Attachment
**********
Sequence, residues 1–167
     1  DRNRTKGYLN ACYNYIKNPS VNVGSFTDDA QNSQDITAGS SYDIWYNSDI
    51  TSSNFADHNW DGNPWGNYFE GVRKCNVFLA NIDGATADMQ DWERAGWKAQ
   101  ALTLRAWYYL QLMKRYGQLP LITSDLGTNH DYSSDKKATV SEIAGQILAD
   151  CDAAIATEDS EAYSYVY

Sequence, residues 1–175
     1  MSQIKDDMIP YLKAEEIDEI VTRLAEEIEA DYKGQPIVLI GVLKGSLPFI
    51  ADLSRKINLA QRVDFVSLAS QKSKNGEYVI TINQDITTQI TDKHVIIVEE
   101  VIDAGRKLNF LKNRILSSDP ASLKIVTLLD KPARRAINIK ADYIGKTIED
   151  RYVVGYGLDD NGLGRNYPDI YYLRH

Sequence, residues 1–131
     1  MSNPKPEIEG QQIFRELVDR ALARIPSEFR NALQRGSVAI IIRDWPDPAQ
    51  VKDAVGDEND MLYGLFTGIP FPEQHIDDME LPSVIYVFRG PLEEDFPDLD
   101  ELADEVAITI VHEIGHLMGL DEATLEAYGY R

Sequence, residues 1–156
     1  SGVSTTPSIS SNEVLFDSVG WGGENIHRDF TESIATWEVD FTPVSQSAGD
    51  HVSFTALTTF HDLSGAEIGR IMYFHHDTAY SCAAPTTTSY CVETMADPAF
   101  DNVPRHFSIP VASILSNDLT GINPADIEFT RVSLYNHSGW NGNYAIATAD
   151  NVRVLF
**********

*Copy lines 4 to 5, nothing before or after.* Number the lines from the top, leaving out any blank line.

   101  ALTLRAWYYL QLMKRYGQLP LITSDLGTNH DYSSDKKATV SEIAGQILAD
   151  CDAAIATEDS EAYSYVY